Columnists: Hans Nilsson, Fourfact

Published on: 13 Nov 2018

Not with a bang but with a yawn

The Financial Times (FT) might have had TS Eliot´s poem “The Hollow men” in mind when they wrote about how the the latest report from IPCC has been received. They said: “One need only consider the response to the IPCC report—essentially a collective yawn”. And Eliot said about the end of the world that it will not be with a bang but with a whimper.

In the FT they are contemplating about who makes the decision about the necessary changes in our life and again Eliot can give us a hint – it is the hollow men! What other explanation could there be?

In the latest Energy Efficiency Market Report from the IEA they are picking up the idea they had already in their World Energy Outlook 2012 (WEO 2012) showing how much the world stands to win if all the Efficiency opportunities were used in full both in terms of economy and in environment. To make it short – IT IS HUGE!

From WEO2012:
Using the profitable opportunities in energy efficiency the world economy could, by 2040, double GDP compared with today and still emit less GHG by 12% of which 40% attributed to efficiency.


Put differently, we could all be richer and the environment better without paying for it! Does it sound tempting? So why not do it? Is it because of the hollow men – the guys in command of the world?

The market needs to be used in full

The IEA writes that it is time for NEW policies but provide very little guidance that is not already known and tested and has shown to be insufficient. Politicians are however often afraid to take new steps and walking roads not beaten.

Many politicians are afraid of using the market opportunities fully. They could be accused of favouring particular products or companies. Nevertheless, there are several good cases showing that the market can be a good companion if structured differently:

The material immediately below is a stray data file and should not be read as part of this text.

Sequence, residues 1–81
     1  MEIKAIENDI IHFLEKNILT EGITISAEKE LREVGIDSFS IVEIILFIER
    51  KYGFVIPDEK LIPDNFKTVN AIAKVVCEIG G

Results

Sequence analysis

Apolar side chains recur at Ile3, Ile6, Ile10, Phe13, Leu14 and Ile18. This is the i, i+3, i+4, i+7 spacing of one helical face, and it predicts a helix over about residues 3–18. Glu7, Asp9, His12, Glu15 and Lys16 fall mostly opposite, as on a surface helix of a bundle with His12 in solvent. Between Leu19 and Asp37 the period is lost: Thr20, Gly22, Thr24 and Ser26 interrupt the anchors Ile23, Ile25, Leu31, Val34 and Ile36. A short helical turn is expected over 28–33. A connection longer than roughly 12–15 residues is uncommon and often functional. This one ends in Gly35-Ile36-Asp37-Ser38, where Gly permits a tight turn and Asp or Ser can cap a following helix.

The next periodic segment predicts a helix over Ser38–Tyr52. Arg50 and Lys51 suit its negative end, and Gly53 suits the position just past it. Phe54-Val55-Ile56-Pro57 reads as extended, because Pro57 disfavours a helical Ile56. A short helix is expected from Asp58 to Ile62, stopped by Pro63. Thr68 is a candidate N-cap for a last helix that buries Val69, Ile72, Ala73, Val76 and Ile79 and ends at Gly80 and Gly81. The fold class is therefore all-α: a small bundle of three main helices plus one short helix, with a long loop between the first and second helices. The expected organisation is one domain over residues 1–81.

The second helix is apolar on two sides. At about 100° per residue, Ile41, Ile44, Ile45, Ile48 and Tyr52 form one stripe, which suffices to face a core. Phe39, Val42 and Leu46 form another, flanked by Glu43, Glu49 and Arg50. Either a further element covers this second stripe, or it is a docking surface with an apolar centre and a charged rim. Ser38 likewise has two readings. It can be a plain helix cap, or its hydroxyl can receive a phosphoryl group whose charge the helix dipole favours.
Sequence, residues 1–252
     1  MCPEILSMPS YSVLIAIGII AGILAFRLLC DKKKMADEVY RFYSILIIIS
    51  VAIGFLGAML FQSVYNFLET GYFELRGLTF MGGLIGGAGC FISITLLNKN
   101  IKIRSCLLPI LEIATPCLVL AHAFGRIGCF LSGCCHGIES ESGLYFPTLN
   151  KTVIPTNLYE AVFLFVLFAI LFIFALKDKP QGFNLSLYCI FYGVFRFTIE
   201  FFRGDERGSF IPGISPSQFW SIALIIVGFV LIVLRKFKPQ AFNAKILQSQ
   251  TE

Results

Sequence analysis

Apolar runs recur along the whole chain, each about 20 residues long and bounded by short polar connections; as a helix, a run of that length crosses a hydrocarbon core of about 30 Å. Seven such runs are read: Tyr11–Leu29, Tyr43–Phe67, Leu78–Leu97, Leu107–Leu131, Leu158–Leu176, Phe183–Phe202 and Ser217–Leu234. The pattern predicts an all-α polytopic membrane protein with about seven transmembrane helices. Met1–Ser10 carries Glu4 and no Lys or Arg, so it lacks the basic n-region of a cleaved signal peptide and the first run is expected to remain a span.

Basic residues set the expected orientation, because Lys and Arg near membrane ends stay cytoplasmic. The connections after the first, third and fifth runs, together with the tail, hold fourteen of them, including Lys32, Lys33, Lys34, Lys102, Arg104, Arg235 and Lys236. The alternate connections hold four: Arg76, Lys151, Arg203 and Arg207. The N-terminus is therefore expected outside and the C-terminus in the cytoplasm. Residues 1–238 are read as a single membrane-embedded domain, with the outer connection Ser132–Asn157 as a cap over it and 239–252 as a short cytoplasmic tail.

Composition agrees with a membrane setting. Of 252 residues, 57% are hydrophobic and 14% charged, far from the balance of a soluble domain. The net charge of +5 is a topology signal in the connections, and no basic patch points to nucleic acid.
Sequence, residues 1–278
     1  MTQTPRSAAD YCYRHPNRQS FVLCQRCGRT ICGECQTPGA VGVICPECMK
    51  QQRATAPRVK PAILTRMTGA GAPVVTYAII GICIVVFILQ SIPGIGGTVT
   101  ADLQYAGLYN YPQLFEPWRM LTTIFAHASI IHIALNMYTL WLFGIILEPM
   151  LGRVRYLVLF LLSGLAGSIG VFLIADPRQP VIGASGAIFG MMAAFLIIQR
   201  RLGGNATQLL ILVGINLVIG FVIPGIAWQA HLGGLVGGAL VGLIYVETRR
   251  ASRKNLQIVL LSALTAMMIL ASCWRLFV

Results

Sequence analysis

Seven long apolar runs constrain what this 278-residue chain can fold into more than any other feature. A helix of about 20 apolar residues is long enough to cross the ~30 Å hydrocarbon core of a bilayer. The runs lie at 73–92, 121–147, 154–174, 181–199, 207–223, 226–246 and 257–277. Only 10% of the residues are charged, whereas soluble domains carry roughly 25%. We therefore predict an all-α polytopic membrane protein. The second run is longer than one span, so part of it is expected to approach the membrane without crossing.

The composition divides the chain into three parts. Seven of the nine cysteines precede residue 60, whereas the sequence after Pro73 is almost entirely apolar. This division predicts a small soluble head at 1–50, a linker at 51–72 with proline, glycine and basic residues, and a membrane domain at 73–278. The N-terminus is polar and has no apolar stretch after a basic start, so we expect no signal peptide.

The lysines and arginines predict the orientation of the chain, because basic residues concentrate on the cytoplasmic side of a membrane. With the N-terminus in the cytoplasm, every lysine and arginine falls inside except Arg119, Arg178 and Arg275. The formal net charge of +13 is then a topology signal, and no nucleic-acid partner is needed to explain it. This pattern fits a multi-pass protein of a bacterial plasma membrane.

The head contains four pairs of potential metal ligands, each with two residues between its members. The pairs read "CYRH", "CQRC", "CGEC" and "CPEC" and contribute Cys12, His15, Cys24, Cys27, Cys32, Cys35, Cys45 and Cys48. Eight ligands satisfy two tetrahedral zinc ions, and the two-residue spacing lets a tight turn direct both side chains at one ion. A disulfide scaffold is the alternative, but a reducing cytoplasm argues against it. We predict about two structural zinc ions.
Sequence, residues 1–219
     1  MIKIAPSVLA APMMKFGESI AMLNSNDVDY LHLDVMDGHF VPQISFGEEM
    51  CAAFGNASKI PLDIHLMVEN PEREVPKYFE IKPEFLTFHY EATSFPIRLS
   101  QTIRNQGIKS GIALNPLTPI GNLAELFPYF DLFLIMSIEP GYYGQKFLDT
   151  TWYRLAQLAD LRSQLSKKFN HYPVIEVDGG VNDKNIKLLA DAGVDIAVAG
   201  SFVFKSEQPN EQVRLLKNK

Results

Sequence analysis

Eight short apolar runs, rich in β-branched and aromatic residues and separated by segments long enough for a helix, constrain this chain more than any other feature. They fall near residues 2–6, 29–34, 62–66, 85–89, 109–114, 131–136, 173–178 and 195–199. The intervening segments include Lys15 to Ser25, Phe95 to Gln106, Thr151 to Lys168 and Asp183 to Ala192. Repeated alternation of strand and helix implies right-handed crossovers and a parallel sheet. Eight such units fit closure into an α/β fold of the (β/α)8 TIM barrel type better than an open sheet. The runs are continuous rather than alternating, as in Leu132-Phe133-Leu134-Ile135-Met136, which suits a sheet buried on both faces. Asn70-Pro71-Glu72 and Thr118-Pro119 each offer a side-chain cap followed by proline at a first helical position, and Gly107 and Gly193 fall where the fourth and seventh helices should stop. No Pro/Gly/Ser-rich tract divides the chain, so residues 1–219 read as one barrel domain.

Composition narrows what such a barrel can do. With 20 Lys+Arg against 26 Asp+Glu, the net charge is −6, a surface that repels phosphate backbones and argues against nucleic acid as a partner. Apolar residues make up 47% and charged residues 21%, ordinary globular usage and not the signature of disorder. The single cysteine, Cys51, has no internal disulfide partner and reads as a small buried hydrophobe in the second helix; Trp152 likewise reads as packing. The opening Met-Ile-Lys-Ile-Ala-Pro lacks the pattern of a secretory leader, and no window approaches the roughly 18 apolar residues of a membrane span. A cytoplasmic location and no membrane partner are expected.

• The huge procurement activities in India by Energy Efficiency Services Limited {EESL} is a groundbreaking activity that transform several markets from lighting, to transportation, cooling and trigeneration. The experiences are easily transferable and has been used in other countries earlier.
  • The “Better Home” operation in Denmark shows that cooperation amongst commercial companies can provide not only a good range of energy efficient products but comprehensive solutions for energy consumers.
  • The PAT (Performance, Achieve, Trade) programme in India  shows a way forward that could engage industry to go beyond their normal simplistic piece-by-piece renovations.

The market can play a much bigger role in improving energy efficiency but it needs to be expanding its functions also to encompass cooperation with institutions such as private capital from the insurance sector and pension funds investors to direct capital for more benign (and profitable) actions.

Another institutional way forward is the proposal to make packages of small projects to reduce risks and to secure financing.

Further it should be explored how the offers on the market could be serving other purposes than just being energy efficient and also be “repairable” and not as normally today going to waste once they are used. I have heard that there are U-initiatives in this direction.

There is much that is already tested and more that could be done. Just do it! We can’t let the Hollow men win. Stop yawning!

 


Other columns by Hans Nilsson